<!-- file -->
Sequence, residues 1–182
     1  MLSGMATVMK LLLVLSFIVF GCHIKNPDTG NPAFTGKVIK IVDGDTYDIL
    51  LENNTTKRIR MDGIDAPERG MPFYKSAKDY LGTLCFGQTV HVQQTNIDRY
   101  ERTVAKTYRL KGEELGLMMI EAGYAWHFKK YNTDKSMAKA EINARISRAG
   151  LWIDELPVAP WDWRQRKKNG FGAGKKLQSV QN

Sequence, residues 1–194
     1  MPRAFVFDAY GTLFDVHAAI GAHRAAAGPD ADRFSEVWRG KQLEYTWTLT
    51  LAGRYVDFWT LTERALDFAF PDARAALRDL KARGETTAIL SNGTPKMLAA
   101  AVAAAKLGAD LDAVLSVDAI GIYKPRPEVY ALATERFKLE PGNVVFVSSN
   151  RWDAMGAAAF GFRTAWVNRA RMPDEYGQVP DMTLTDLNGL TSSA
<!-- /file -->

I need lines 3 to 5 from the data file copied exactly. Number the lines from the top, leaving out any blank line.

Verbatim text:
    51  LENNTTKRIR MDGIDAPERG MPFYKSAKDY LGTLCFGQTV HVQQTNIDRY
   101  ERTVAKTYRL KGEELGLMMI EAGYAWHFKK YNTDKSMAKA EINARISRAG
   151  LWIDELPVAP WDWRQRKKNG FGAGKKLQSV QN